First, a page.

Non-convertible debentures, or NCDs have become the latest fad among investors who are looking for secure investment options sue to the unattractive returns on fixed deposits (FDs) and rising volatility in the equity market. Recently, JM Financial has launched its NCD worth Rs 300 crores at 9.2-9.7% coupon rate and with an option to retain another Rs 400 crores. Also, the Housing finance firm DHFL launched its NCD Rs 3000 crores with a green shoe option of Rs 9000 crores, totalling Rs 12,000 crores, last week. Impressively, the issue that offered 8.56-9.1 per cent interest rate received robust response and closed on May 24, well ahead of planned closure on June 4.
What are NCDs?
Non-convertible debentures are debt financial instruments that have a fixed tenure. Companies mainly issue the NCDs to raise capital for their business purposes. These NCDs cannot be converted into equity shares of the issuing company to a future date, unlike the other convertible debentures. One can easily sell their NCD before maturity in secondary market as the interest rate on NCDs is higher than traditional instruments which are fairly liquid.
Why are NCDs a better choice?
According to the experts, NCDs are definitely a better choice than FDs if one has excess capital to lock in for a few years and since they are being offered at attractive coupon rates, NCDs definitely are the new flavour of the season.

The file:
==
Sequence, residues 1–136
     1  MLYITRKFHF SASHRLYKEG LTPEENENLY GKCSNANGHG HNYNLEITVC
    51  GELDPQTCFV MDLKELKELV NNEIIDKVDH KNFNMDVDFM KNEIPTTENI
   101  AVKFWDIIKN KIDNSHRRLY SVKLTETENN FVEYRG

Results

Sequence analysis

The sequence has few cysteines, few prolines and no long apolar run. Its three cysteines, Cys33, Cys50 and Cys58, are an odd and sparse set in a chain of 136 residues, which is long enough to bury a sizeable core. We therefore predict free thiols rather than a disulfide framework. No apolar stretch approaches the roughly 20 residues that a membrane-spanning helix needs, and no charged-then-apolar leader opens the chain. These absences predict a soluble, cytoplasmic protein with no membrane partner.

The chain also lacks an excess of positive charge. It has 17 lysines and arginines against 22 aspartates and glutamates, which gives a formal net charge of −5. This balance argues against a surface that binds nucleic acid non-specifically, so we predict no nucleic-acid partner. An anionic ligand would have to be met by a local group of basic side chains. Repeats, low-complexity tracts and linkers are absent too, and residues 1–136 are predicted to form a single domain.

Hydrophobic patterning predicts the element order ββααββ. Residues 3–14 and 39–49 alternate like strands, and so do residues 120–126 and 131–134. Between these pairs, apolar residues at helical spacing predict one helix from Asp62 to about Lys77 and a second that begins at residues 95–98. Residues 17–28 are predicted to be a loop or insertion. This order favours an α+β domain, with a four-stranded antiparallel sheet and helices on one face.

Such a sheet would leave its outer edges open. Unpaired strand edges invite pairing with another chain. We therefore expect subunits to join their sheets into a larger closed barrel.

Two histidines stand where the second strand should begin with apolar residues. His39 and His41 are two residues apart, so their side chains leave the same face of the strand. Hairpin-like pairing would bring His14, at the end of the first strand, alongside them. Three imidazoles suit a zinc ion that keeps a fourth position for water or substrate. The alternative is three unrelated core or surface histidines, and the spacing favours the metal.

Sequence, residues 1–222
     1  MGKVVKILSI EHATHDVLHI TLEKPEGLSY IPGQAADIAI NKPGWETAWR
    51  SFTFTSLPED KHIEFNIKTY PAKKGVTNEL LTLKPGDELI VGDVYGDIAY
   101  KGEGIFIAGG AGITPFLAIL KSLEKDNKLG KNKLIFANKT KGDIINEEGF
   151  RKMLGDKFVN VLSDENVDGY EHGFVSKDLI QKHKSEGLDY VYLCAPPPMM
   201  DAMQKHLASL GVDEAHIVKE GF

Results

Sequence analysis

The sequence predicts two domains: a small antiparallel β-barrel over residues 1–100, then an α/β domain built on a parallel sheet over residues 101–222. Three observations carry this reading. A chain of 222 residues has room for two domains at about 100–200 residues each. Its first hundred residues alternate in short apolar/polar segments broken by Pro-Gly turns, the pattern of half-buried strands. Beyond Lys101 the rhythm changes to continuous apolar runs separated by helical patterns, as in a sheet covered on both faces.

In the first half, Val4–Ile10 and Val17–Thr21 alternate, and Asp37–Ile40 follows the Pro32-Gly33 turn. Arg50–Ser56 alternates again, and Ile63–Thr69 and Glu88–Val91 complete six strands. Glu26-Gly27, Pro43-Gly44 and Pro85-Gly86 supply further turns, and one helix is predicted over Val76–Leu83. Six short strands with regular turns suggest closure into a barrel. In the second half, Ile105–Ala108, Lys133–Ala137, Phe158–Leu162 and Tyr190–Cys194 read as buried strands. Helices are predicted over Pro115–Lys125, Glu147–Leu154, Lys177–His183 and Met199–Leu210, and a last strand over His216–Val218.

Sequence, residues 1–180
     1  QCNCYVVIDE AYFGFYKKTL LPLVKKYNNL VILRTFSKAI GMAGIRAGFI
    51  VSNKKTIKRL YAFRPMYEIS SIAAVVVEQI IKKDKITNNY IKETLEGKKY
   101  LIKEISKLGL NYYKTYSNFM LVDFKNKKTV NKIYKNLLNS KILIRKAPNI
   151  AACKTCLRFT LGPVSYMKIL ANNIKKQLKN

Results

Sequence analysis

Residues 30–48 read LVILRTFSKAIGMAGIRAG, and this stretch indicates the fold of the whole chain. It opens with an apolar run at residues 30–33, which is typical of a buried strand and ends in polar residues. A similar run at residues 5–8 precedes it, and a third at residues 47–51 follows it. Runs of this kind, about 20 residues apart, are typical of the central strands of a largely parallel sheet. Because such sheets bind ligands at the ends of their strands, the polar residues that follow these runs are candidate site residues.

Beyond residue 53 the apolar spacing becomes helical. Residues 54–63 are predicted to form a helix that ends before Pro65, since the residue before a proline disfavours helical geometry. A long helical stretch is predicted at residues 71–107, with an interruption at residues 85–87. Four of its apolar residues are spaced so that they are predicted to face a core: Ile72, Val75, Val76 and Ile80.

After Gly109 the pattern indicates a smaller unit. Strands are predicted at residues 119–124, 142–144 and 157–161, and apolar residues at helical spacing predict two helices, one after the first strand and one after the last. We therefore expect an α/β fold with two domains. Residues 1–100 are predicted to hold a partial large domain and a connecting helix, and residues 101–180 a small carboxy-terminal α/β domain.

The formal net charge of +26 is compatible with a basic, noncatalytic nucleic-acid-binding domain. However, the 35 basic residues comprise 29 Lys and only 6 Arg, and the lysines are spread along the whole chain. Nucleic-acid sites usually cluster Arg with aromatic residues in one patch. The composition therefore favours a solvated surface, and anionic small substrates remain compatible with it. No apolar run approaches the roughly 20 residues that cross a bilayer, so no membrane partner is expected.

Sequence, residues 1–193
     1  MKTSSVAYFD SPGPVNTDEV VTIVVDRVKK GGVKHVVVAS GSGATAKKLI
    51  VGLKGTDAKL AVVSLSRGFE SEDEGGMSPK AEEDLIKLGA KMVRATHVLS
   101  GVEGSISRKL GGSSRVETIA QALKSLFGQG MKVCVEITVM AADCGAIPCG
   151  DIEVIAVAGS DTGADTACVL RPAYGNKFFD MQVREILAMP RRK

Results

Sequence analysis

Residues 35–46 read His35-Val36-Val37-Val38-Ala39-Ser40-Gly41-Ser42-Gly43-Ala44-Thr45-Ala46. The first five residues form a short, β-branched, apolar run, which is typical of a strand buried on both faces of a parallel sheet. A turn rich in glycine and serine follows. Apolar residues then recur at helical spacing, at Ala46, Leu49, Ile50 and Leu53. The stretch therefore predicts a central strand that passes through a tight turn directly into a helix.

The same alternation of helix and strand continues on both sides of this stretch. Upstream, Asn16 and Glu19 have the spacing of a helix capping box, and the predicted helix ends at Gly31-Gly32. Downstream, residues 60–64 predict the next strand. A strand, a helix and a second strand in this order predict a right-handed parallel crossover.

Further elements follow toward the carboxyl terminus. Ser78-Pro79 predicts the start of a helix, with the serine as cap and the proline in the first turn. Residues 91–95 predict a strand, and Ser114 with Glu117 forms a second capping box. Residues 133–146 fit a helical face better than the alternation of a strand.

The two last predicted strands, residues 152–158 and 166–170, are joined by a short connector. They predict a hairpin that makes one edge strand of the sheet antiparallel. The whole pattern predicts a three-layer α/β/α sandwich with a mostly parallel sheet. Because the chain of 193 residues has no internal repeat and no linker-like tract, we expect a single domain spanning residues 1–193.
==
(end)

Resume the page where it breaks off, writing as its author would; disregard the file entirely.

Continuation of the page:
Lakshmi Iyer CIO — Debt & Head Products, Kotak Mahindra Asset Management Company said, “NCDs are a good way for issuer to diversify the mode of its borrowing, and since it’s a public issue, retail investors can participate and benefit from the relatively higher interest rates, explaining how it is a win-win situation for both the issuer as well as the investors.
Although, the interest income on NCDs is taxed as per individual’s tax slabs, but, if someone sells it on the exchange within a period of one year, then a short-term capital gain tax is usually levied. The long-term capital gains tax is imposed at 20% rate with indexation after a year’s time.
Nagarajan of Tata MF said, “So far as taxes are concerned, there is a marginal tax on interest income, and if you buy it in your wife’s or child’s name, taxation will be even lower.”
Major risk factors to focus upon
There are three risk factors which need to be kept in mind:
1. Interest rate risks
With the high inflation-era, as the global crude oil prices are back on the rising spree, the interest rates also go up and due to this bond prices might also fall which can prevent you from redeeming your investment before maturity in the secondary market, despite there being an assured return on maturity.
2. Liquidity risk
Even though NCDs are listed on the stock exchange, people who would be willing to exit prematurely might not find buyers in the secondary market, especially for the low-rated NCDs.
3. Credit risk
Investment in NCD causes a risk of the company defaulting on the future payment. In order to alleviate that, investor should be thoroughly checking the credibility of the concerned firm. Rating agencies like Icra, India Ratings and Crisil etc. assess NCD issuers and allocate a credit rating to the company based on its ability to generate cash constantly and pay investors on time.
For example, DHFL issue was rated AAA, while JM Financial has AA rating on its issue.